SUMMARY OF THE PRESENT INVENTION The present invention provides a sleeve having universal application as a suitable member for swaged attachment to tubing of materials of such diverse physical characteristics as aluminum, stainless steel and titanium. The sleeve is characterized by a particular number and configuration of grooves which are provided in the inner peripheral wall of the sleeve and thespecific dimensional relationship of the annular land or ring located intermediate the grooves relative to the longitudinal and diametrical dimensions of the grooves and the diametrical dimension of the inner peripheral wall of the sleeve.

In structural terms, the present invention provides a sleeve member for swaged connection to a tube comprising a hollow cylindrical body of a predetermined length having a first inner diameter and a pair of annular grooves located in the inner wall of the body, the grooves having a depth such that the second inner diameter taken at the location of the grooves is greater than the first inner diameter.

A land is located between the two grooves having a height dimension relative to the grooves such that a third inner diameter taken at the location of the land is greater than the first inner diameter and less than the second inner diameter.

The invention further provides a method for attaching sleeves to tubing comprising the steps of positioning the sleeves about the tubes at the point of at- I tachment and expanding a section of the tubing wall radially outwardly over an extended recessed area located in the interior peripheral wall of the sleeve. The expansion of the tubing wall continues until a portion thereof is caused to contact a portion raised from the interior of the sleeve located intermediate the ends of the recessed area and thereafter the tubing wall is further expanded radially outwardly into the spaces of the recessed area located on opposite sides of the raised portion until such spaces are substantially filled.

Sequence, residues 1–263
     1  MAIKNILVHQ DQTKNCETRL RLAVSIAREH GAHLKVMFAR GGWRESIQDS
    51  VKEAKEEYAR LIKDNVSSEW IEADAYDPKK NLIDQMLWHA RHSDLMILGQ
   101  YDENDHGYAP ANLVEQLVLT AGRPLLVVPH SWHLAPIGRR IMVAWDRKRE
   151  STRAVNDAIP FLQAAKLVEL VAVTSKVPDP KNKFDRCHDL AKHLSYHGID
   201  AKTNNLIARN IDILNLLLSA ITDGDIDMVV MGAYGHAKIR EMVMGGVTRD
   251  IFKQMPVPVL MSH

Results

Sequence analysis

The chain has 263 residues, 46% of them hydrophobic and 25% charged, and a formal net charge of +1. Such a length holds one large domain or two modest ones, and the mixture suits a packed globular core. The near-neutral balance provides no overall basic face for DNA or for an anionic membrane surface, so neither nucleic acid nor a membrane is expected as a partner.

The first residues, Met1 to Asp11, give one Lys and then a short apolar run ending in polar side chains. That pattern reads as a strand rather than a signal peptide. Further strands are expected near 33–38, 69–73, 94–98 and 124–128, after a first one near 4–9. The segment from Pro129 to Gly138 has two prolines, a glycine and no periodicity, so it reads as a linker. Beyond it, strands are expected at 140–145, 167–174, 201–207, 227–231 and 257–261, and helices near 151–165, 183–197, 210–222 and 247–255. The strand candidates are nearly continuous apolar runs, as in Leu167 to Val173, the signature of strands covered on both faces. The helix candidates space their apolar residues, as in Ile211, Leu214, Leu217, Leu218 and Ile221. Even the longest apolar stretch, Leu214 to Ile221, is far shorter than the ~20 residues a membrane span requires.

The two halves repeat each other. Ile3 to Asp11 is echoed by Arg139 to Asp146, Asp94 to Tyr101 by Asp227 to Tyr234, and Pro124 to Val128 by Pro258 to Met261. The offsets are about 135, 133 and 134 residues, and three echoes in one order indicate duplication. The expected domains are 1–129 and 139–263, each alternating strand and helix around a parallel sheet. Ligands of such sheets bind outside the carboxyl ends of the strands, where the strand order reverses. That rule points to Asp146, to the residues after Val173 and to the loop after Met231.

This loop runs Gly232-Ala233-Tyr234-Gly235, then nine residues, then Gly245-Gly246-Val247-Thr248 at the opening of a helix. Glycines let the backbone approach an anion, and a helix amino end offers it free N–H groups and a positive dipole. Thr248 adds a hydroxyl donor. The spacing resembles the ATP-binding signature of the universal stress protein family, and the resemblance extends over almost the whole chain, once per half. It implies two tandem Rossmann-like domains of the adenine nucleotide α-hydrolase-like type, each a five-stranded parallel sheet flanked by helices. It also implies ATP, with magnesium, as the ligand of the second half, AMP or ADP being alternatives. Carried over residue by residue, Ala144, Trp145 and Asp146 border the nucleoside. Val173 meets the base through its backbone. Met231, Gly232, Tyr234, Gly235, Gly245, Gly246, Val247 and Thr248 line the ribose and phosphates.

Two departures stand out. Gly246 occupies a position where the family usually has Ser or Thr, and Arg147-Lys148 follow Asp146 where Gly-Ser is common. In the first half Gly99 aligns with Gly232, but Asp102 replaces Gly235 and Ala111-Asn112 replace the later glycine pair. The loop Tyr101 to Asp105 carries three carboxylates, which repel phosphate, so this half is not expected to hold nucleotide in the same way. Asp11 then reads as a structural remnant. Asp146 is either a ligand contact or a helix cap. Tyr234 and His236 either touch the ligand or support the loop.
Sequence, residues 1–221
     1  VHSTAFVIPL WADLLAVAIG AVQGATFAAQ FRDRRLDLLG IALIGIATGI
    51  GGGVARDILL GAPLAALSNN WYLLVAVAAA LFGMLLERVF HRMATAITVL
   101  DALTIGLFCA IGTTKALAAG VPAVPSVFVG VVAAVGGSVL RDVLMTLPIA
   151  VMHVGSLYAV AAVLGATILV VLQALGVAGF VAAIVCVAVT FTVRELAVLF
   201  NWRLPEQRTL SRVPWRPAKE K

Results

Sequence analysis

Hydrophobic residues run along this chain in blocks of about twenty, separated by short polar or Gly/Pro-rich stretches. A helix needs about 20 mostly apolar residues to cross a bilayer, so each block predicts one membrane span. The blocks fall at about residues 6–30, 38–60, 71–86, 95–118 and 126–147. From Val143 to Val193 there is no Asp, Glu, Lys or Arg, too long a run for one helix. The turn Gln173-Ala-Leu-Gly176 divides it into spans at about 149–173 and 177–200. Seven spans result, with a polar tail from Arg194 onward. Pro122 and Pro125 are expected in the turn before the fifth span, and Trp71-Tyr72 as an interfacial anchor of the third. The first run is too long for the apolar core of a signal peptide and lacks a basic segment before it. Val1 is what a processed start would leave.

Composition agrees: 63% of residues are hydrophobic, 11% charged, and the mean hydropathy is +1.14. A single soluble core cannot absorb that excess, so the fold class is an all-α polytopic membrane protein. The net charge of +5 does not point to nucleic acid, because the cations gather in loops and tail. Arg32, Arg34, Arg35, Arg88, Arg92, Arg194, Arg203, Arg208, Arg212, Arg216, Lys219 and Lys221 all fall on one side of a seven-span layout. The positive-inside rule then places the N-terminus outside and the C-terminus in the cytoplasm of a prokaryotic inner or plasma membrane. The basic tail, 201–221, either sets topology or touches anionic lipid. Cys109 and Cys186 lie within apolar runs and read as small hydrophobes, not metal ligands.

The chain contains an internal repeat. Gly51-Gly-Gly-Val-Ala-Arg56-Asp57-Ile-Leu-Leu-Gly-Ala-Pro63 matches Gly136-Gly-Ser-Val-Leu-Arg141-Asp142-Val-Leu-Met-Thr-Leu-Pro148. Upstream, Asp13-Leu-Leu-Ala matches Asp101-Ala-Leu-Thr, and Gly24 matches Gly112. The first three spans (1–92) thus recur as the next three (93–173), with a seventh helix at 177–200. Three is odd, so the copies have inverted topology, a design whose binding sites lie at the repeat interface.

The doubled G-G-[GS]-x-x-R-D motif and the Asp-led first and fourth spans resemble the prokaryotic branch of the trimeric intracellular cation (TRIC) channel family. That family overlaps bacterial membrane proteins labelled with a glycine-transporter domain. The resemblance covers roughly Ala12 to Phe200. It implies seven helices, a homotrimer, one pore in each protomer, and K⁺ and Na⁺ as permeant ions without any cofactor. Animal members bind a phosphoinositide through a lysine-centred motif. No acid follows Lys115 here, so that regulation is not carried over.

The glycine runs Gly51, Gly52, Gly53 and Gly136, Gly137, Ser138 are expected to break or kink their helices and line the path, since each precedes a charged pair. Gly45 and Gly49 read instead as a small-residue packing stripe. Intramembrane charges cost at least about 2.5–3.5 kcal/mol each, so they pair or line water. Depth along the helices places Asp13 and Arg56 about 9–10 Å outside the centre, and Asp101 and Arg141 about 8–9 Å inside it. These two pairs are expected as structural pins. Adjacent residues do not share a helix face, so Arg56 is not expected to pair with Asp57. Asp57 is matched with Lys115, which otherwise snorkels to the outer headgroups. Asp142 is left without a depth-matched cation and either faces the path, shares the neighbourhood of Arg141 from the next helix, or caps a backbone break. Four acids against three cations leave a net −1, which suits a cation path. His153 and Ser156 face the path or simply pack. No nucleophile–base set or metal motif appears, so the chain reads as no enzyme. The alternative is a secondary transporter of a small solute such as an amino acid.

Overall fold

A structure is thereby provided which can be quickly and easily attached to tubing and which when swaged provides a seal capable of providing a fluidtight connection regardless of the pressure in the hydraulic system and one which has a threshold of failure in excess of the pressure limits of the tubing to which the sleeve is attached. The design is suitable for attaching to all tubing materials, including titanium, because by virtue of the two stage application force and the dimensional limitations of the land and groove configuration in the interior of the sleeve, a substantially reduced amount of elongation of the tubing material is required while still obtaining a completely satisfactory swaged attachment. The interior configuration of the sleeve allows for a wide range of tubing tolerances not only in the dimensional sense but also in the physical sense in that dimensional limitations of the configuration can be selected so as to accommodate the low elongation and yield before failure characteristic of a material such as titanium. This objective is accomplished by the present invention producing maximum retention of the sleeve to the tubing to which it is swaged, while at the same time reducing the amount of stretch required by the material to get full deformation into the grooves and thereby eliminating the creation of stresses or fatigue points which in turn are a potential source of cracks or leaks.